Another hijacker of Indian plane IC 814, Zafarullah Jamali, has been killed in Karachi, by some unknown people. Unidentified men riding a motorcycle had killed his fellow-hijacker Zahoor Mistry last week. Mistry had killed Indian passenger, the then newly married Rupin Katyal, when the plane was in Dubai, where the terrorists had forced the plane to land in December 1999. Zafarullah Jamali was the head of the gang of terrorists who had hijacked the Indian Airlines plane.
Two more of the five hijackers are still alive: Ibrahim Azhar (brother of Maulana Masood Azhar) and Rauf Asghar. The Atal Bihari Vajpayee government, after consultation with all political parties in India, had released the maulana, a terrorist locked in an Indian jail, to rescue the passengers of the plane that had been diverted from Kathmandu to Kandahar in Afghanistan via Amritsar where the government had failed to stop the aircraft from leaving.
Two bike-borne assailants had shot Mistry dead in Karachi’s Akhtar colony. Pakistan’s Geo TV, which identified him as a “businessman” from Karachi, confirmed the killing of the terrorist. Mistry had been living in Karachi under the fake identity of Zahid Akhund. He operated a furniture business by the name of Crescent Furniture.
The IC-814 flight — with 191 occupants (176 passengers including five hijackers and 15 crew members), of whom 190 survived — was hijacked by five masked terrorists shortly after it entered Indian airspace at about 17:30 IST. The hijackers ordered the aircraft to be flown to a series of locations: Amritsar, Lahore and across the Persian Gulf to Dubai. The hijackers finally forced the aircraft to land in Kandahar, Afghanistan, which at the time was controlled by the Taliban. The hijackers released 27 of 176 passengers in Dubai but fatally stabbed one — Rupin Katyal — and wounded several others.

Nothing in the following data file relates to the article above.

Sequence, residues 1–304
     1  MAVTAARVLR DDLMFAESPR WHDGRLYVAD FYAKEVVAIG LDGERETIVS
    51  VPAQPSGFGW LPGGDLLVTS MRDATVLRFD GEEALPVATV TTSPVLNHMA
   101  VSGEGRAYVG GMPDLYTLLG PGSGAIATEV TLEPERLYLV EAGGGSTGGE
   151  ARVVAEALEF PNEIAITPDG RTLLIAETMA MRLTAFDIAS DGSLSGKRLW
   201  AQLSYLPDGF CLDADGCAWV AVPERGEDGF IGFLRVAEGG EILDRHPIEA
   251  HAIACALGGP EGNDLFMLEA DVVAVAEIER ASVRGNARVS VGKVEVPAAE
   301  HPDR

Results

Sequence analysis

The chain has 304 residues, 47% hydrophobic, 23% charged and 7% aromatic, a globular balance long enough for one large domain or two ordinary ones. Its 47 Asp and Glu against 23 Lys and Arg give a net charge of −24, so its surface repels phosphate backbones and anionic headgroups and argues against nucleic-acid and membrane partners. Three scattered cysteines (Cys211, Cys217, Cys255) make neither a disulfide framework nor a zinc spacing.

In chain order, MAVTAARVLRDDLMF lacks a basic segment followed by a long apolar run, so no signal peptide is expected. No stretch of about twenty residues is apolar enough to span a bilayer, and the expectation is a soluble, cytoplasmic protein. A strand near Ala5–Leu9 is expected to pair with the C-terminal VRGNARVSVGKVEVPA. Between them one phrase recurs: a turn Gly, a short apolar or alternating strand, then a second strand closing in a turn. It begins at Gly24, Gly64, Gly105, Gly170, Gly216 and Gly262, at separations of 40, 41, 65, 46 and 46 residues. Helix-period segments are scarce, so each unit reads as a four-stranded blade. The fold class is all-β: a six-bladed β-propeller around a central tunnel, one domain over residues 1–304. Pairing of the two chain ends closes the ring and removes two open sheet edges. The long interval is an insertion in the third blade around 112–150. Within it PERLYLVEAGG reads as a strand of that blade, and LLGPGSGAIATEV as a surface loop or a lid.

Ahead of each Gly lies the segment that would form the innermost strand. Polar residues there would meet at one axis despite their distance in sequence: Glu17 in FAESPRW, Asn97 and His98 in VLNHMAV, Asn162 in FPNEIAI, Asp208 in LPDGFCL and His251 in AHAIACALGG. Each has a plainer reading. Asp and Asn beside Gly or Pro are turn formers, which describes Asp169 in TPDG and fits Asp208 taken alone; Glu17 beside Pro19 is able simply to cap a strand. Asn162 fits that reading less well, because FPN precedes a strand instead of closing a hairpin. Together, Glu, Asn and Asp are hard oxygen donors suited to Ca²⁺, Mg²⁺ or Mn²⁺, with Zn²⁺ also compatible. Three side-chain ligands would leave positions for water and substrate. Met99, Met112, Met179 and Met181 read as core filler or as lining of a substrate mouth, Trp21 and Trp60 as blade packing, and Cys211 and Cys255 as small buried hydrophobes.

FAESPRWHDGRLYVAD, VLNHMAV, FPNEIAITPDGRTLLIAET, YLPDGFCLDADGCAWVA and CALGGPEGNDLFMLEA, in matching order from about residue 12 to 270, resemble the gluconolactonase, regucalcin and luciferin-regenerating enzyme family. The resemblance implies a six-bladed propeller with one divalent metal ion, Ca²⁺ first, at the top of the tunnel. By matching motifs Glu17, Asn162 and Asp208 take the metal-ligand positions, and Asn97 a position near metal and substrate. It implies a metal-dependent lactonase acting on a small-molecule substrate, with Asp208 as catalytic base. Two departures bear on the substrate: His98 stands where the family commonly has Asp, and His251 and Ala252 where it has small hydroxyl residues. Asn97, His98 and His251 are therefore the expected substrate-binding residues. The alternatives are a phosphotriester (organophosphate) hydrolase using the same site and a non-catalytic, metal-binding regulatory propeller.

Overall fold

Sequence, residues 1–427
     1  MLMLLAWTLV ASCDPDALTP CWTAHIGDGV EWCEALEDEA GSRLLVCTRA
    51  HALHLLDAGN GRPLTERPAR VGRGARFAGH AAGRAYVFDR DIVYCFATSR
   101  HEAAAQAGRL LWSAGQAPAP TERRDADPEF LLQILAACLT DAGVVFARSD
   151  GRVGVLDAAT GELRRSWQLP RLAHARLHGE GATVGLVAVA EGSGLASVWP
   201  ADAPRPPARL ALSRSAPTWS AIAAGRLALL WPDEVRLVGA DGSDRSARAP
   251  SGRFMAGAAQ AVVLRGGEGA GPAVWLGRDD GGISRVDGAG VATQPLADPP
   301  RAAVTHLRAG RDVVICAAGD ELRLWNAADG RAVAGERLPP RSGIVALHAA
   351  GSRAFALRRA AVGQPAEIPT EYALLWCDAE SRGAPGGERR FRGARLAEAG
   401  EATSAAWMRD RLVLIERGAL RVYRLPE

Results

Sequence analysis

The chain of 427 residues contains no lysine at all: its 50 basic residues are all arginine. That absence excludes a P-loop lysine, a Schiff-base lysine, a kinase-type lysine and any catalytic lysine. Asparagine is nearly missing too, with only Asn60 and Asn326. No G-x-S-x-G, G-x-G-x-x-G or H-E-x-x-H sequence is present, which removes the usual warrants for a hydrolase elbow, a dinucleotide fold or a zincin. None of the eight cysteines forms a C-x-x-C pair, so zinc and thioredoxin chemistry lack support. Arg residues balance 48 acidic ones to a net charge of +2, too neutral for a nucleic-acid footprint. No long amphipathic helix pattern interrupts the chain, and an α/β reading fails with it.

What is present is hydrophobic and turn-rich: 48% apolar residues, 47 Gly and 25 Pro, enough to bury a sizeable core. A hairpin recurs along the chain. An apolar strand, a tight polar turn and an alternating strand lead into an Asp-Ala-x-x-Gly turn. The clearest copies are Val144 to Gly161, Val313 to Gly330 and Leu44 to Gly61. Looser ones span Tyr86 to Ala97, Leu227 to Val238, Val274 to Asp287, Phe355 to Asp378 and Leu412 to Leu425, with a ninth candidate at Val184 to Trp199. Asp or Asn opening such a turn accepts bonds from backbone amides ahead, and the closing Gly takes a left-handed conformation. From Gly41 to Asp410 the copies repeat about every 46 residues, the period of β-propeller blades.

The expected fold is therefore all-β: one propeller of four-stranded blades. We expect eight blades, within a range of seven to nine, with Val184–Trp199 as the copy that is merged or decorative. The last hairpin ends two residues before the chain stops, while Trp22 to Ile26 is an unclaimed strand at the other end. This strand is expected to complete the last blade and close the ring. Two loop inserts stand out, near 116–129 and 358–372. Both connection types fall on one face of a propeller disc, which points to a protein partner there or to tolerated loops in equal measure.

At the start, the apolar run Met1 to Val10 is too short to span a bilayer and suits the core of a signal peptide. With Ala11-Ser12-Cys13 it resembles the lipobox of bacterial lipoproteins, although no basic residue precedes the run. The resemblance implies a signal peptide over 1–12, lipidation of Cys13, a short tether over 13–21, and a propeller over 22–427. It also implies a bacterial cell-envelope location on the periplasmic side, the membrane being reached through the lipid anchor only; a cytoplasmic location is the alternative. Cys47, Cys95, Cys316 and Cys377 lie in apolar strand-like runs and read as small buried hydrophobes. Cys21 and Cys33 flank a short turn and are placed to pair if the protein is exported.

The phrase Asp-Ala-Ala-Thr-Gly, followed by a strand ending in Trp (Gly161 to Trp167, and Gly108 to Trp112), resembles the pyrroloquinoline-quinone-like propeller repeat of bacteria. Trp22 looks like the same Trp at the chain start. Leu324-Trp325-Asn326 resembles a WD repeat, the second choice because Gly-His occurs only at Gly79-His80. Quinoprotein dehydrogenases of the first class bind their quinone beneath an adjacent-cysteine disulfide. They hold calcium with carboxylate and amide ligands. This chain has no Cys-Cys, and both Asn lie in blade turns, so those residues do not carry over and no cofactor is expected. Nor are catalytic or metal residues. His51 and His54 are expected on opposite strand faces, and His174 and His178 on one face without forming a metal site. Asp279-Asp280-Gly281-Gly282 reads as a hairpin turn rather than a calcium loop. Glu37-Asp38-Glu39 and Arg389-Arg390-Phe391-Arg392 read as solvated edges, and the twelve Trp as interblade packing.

At the time, most of Afghanistan, including the Kandahar airport where the hijacked plane landed, was under Taliban control. Taliban terrorists encircled the aircraft to prevent any Indian military intervention, which was found by current National Security Advisor Ajit Doval when he landed there. They also found two ISI officers were on the apron and others soon joined them; one was a lieutenant colonel and the other a major. Doval said that if the Taliban hijackers did not have ISI support, India could have resolved the crisis.
The motive for the hijacking apparently was to secure the release of Islamist terrorists held in prison in India. The hostage crisis lasted for seven days and ended after India agreed to release three terrorists — Mushtaq Ahmed Zargar, Ahmed Omar Saeed Sheikh and Masood Azhar. The three have since been implicated in other terrorist actions, such as the 2002 kidnapping and murder of Daniel Pearl and the 2008 Mumbai terror attacks.
The hijacking has been seen as one of the millennium attack plots in late December 1999 and early January 2000 by al Qaeda-linked terrorists.
There have been speculations since the killing of Mistry that the Research & Analysis Wing, India’s overseas intelligence agency, is on a mission to eliminate the hijackers of the flight IC-814 one by one.